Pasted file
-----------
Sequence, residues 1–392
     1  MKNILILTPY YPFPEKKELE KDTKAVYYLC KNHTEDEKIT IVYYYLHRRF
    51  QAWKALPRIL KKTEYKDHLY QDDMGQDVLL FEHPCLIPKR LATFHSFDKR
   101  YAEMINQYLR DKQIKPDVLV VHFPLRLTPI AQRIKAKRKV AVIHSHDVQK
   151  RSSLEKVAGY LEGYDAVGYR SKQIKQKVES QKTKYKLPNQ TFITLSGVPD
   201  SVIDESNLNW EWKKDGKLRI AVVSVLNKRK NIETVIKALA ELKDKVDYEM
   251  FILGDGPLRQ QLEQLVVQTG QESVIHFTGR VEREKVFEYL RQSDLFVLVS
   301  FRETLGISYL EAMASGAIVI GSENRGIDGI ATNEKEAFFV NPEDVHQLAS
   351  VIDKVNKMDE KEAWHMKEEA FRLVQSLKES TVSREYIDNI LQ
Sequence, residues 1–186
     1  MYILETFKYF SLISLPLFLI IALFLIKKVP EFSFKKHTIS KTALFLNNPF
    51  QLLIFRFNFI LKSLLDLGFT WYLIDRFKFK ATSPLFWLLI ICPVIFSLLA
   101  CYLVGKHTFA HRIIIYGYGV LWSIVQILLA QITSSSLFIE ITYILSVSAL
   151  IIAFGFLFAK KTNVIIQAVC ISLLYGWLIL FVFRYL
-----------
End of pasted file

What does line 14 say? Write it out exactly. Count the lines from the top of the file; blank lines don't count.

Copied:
   151  IIAFGFLFAK KTNVIIQAVC ISLLYGWLIL FVFRYL